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Old 12-30-2021, 06:34 PM
lostcoast lostcoast is offline
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Join Date: Nov 2021
Posts: 20

Originally Posted by Florida Tabdigger View post
Every year we meet with state and federal lands to discuss things, you would be shocked at how much video surveillance is going on. They know how many hogs are on their property and where they are at all times and trap them accordingly. Don't go digging there!!!
My understanding is that it is generally legal and perfectly fine to detect on BLM/National Forest lands as long as it's not considered historic, and you are not looking for anything that is over 50 years old as they are legally considered to be historical artifacts.

Casual gold detecting is also fine in unclaimed areas as prospecting is covered under Federal mining Law of 1872. However a 'Plan of Operations' is required with substantial digging or moving of rocks.

If you come across archaeological remains, you are required to immediately stop and promptly notify the local Forest Service office.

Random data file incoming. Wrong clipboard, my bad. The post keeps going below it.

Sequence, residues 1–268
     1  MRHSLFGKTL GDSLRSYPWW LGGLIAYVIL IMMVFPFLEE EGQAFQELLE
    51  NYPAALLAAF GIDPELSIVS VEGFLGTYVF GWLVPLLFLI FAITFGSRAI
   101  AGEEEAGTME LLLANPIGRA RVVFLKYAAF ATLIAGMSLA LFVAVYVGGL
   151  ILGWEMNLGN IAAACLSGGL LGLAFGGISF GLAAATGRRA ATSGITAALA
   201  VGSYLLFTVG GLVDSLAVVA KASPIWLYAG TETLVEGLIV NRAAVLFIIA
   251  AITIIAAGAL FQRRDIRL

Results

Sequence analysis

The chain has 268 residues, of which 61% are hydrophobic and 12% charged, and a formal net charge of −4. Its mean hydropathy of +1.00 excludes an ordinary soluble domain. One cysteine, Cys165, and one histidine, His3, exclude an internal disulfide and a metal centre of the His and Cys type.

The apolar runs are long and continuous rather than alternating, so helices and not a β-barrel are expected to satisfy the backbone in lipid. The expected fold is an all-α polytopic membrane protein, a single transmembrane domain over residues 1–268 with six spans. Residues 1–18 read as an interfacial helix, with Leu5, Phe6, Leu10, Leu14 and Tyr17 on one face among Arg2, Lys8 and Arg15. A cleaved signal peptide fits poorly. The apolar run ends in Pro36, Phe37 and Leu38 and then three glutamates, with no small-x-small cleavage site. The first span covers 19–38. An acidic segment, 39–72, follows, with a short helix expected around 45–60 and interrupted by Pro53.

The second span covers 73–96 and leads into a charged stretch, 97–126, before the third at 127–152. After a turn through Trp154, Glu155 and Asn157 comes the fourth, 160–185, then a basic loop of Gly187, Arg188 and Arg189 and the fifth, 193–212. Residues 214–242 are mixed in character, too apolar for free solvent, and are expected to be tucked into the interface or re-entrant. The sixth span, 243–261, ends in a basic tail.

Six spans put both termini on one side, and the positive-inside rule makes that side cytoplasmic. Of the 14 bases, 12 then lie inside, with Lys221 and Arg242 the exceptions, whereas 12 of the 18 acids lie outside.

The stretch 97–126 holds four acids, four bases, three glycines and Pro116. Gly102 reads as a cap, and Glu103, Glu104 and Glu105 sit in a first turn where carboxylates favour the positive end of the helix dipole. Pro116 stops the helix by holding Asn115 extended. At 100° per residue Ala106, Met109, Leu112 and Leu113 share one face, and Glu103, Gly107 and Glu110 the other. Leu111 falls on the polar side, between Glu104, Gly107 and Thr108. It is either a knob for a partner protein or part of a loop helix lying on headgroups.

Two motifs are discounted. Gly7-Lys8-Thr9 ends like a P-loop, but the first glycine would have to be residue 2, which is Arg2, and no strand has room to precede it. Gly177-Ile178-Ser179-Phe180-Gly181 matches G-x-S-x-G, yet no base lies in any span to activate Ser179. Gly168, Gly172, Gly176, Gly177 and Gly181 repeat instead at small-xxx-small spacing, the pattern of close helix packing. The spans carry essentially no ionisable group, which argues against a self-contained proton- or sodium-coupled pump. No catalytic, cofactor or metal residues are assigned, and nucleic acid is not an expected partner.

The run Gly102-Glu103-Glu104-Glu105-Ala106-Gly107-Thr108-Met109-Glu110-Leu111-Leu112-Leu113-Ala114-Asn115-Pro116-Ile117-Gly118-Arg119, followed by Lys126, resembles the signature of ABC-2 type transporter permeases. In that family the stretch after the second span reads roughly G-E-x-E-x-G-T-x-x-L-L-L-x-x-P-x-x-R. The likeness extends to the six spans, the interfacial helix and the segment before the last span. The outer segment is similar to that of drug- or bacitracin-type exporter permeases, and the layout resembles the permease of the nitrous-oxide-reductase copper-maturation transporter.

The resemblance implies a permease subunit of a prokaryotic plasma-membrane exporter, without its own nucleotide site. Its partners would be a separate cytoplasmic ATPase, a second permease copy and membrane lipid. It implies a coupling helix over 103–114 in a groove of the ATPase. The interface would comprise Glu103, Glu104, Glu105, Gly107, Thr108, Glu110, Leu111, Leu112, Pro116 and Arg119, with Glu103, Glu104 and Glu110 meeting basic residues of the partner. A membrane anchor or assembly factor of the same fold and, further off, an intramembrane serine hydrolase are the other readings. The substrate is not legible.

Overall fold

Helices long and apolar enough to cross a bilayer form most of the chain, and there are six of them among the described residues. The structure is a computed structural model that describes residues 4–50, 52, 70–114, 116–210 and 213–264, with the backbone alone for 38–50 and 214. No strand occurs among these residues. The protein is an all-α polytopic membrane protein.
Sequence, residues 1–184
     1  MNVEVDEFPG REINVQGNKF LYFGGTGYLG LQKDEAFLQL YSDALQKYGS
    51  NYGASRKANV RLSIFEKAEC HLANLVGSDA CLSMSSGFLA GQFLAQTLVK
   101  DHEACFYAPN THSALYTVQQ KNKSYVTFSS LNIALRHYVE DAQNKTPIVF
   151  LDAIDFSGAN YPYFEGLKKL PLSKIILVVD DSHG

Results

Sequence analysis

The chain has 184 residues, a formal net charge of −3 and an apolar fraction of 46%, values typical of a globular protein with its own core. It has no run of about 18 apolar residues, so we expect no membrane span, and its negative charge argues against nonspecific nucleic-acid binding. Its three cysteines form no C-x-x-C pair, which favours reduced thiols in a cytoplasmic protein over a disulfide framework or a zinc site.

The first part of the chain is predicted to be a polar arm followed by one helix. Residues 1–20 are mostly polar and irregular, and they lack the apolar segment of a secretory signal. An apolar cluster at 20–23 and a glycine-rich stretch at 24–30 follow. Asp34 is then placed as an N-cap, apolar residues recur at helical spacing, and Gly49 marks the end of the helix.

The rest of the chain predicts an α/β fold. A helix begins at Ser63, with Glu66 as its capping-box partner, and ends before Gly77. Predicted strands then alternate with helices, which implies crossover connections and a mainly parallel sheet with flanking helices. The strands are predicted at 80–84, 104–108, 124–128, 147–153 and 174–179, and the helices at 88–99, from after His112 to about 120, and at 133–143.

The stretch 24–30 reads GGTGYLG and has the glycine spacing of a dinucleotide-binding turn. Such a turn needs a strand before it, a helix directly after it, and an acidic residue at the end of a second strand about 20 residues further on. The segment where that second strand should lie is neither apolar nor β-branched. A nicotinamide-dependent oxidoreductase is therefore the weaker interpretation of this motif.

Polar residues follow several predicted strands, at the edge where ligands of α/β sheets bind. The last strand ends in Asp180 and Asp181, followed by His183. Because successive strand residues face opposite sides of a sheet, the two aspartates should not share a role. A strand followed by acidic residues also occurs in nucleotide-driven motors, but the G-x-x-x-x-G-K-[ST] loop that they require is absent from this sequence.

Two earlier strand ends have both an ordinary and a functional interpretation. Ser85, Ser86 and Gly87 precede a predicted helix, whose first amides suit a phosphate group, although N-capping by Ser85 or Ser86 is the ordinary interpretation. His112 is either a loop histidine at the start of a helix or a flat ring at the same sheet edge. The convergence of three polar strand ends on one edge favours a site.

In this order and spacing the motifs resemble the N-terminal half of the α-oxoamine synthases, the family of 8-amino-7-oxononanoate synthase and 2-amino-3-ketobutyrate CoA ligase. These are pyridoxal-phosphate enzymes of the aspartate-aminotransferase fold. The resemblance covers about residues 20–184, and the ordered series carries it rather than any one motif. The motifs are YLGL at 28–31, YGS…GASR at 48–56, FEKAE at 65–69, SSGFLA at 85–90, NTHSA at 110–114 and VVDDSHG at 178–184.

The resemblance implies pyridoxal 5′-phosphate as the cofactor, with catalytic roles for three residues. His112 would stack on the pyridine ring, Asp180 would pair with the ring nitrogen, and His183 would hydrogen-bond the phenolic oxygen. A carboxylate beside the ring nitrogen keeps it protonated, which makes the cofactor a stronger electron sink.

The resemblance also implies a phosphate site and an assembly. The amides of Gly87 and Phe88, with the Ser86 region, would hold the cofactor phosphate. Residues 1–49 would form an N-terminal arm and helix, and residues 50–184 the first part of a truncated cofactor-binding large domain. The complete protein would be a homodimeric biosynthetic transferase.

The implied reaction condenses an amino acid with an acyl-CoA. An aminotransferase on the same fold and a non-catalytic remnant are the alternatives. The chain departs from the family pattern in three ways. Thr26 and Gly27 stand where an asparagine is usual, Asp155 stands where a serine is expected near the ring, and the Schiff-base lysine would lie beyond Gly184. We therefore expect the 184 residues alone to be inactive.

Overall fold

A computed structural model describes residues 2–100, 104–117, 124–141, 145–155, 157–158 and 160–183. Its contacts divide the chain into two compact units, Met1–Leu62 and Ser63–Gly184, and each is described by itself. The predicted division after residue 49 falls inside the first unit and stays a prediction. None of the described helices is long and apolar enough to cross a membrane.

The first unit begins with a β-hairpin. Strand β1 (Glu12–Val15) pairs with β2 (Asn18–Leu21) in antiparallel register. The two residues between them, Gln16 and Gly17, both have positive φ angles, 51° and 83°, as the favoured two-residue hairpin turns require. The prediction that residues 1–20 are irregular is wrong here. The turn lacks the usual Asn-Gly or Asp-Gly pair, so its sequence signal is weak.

Also, you are not allowed to cut any trees or dig around roots and obviously all holes must be filled.

You are not permitted to search for 'treasure troves' aka caches without a 'special use' permit (which will not be issued in any historical areas). That particular law (Act of June 4, 1897 16 U.S.C. 551) is used primarily to check whether anyone else has rights to that cache.

USDA Forest Service Manual Direction (draft): "Metal Detector Use. Metal detectors may be used on public lands in areas that do not contain or would not reasonably be expected to contain archaeological or historical resources. They must be used, however, for lawful purposes. Any act with a metal detector that violates the proscriptions of the Archaeological Resources Protection Act (ARPA) or any other law is prosecutable. Normally, developed campgrounds, swimming beaches, and other developed recreation sites are open to metal detecting unless there are heritage resources present. In such cases, Forest Supervisors are authorized to close these sites by posting notices in such sites."
This covers BLM/National Forest land only. The general gist I get from things is that they don't care if you are in parking lots, camp grounds, and such looking for clad. But if you want to go poking around the woods or on old trails they'll want to know what you're up to. Though I have a feeling the local office would be pretty amused if you called them every time you found a 1969 penny or such.

Last edited by lostcoast; 12-30-2021 at 09:03 PM.
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